Just as David went before the giant Goliath, seemingly underprepared and undersized, so Bhima courageously approaches Baka. Bhima starts snacking on the food in front of Baka, taunting and challenging him.

Goliath scoffed at David when challenged, saying, “Am I a dog, that you come at me with sticks?” (1 Sam. 17:43 ESV). Similarly, Baka does the same to Bhima: “What’s this? What arrogant fool comes here to challenge me? Who dares threaten me and increase my wrath?”

A prince faces off against a demon in the Hindu dance “The Killing of Baka.”

With confidence similar to David’s in the biblical tale, Bhima tells Baka he’ll kill him with one blow. And he does.

I was tempted to think this tale was a tad gory, but then I remembered that David told Goliath he would behead him and feed the carcasses of the Philistine army to the birds and wild animals (1 Sam. 17:46).

When Bhima (left) defeats a demon, good triumphs over evil.

Longing for Good to Triumph

In both the biblical story and the Hindu epic, good triumphs over evil. But unlike David, Bhima doesn’t give the glory to God for his victory. Instead, his responses to Baka are arrogant.

Stories like David and Goliath and Bhima and Baka have the power to resonate across various cultures because they hinge on the truths of the human experience. In the case of these two stories, they tap into mankind’s longing for good to win in a contest against evil.

As believers, familiarizing ourselves with traditional stories like “The Killing of Baka” gives us an excellent segue for sharing a Bible story. Connecting Bible stories with well-known local stories opens up opportunities to communicate the meaning of gospel truth.

A Kathakali actor demonstrates some of the meanings of the face, neck, and eye movements. The actor darts his eyeballs around at a frenetic speed. By the end of the demonstration, the actor’s eyes are as bloodshot as if he’d pulled two all-nighters fueled by Red Bull.

Does Good Always Win over Evil?

Americans usually like a happy ending. Our narratives tend to climax in victory over evil. I’d wager that’s because our hearts were programmed by our Creator to long for good to triumph. We long for a return to paradise that never ends—a Garden of Eden story that doesn’t end in exile.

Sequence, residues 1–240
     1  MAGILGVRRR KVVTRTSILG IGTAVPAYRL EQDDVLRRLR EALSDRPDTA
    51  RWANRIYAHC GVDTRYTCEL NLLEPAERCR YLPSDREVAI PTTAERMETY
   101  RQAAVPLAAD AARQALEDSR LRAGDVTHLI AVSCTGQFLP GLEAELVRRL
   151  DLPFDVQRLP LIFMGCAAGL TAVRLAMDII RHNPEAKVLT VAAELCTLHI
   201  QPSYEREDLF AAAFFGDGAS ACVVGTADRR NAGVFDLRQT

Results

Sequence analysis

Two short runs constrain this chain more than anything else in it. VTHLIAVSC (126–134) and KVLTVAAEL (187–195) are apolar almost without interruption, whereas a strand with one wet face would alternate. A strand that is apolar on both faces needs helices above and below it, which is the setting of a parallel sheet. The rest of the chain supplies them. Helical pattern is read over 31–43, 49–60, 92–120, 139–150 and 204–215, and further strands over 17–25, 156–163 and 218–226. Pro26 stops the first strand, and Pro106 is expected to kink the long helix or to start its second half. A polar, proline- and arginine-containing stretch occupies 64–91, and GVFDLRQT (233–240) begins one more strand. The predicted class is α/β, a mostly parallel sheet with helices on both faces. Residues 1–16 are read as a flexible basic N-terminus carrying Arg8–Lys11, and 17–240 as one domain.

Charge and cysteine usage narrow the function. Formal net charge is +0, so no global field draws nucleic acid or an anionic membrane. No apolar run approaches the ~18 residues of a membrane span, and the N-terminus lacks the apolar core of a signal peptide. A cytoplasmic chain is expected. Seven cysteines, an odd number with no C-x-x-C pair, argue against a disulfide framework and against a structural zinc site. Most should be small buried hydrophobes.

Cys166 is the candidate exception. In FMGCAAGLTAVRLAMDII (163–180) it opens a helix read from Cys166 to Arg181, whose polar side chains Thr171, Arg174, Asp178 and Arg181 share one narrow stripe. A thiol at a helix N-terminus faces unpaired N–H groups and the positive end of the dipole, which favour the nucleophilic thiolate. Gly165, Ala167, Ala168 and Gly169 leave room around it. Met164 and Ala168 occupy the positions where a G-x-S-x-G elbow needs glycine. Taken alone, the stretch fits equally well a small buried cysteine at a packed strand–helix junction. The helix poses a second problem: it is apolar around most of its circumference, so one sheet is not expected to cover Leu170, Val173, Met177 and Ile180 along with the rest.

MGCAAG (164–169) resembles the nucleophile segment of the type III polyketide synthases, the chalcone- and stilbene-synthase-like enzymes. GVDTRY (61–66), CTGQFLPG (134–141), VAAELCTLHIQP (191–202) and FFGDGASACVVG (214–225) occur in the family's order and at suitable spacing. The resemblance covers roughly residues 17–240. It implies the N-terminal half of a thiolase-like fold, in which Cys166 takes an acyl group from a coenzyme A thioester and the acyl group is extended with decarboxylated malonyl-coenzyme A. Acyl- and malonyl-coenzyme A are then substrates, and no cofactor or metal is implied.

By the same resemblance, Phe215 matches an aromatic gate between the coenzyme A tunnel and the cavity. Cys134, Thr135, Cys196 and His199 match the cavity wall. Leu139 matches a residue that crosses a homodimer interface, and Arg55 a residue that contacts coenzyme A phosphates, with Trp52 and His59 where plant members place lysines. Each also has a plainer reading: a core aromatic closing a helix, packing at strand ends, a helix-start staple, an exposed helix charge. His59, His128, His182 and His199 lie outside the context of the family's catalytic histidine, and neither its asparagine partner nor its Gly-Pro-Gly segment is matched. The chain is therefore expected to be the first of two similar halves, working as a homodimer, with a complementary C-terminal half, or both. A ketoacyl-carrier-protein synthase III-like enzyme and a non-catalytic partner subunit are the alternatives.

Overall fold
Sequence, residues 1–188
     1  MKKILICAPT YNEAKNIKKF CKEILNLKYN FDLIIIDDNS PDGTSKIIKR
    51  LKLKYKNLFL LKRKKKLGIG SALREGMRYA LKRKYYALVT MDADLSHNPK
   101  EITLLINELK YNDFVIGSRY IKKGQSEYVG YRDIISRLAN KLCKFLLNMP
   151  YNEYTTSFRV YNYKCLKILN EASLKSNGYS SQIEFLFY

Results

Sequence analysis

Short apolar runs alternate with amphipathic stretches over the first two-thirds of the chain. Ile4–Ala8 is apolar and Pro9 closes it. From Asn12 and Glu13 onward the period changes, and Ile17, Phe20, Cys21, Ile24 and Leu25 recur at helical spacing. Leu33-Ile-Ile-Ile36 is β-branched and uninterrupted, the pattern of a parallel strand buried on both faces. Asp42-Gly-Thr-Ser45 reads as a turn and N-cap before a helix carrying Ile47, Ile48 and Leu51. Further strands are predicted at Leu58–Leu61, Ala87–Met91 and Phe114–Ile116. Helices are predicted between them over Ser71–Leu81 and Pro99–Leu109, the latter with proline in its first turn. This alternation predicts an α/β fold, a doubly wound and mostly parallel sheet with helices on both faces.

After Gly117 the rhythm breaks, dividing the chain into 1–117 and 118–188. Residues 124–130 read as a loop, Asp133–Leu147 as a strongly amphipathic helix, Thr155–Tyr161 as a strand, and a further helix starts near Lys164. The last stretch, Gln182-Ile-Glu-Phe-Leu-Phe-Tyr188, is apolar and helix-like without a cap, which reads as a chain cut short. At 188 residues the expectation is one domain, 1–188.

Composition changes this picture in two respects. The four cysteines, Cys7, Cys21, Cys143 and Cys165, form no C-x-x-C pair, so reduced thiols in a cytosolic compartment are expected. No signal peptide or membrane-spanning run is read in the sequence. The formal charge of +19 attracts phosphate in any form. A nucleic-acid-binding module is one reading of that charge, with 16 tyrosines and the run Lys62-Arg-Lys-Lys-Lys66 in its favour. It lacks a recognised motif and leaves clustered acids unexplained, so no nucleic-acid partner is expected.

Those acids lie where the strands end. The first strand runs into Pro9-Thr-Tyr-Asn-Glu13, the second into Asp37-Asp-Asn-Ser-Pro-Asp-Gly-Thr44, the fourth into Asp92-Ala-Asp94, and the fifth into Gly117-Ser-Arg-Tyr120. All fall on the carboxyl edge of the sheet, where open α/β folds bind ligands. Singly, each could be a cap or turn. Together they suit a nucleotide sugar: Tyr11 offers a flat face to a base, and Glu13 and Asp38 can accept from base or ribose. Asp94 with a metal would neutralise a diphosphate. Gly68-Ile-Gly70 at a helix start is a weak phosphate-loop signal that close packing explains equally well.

But real life doesn’t always supply a happy ending. We aren’t guaranteed we’ll be healed of cancer, find Cinderella’s glass slipper, or see our Shere Khan-like nemesis brought low.

The absence of a short-term happy ending may cause a crisis of faith. Struggle, illness, or opposition can make us feel like God is not always good or that he doesn’t have our best interests at heart. We may wonder why God doesn’t always grant us happy endings in the dramas of our lives.

Kathakali actor applies make-up

The Ultimate Happy Ending

Our life sagas might be tainted by tragedy and difficulties, but that doesn’t mean God can’t work through tragedy for a future triumph. We’re drawn to stories where protagonists overcome odds to triumph over evil.

David defeats Goliath. Mowgli defeats Shere Khan. And the unlikely hero in the “The Killing of Baka” escapes the clutches of his enemy and defeats the demon. The hope that good will triumph over evil encapsulated in these stories can be a bridge to conversation about the greatest victory ever—Christ’s triumph over sin and death on the cross.

While we recognize that our life stories won’t be resolved in an evening performance, a narrative like “The Killing of Baka” can be seen as a microcosm of the human struggle to be redeemed from evil, to survive and thrive. It makes me long for the curtain call summoning a long-term happy ending that is also a beginning—an eternity with Jesus.

Caroline Anderson is a writer and photographer with the IMB. She currently lives in Southeast Asia. Her childhood in Asia consisted of two important ingredients: braving hot chili peppers and telling people about Jesus.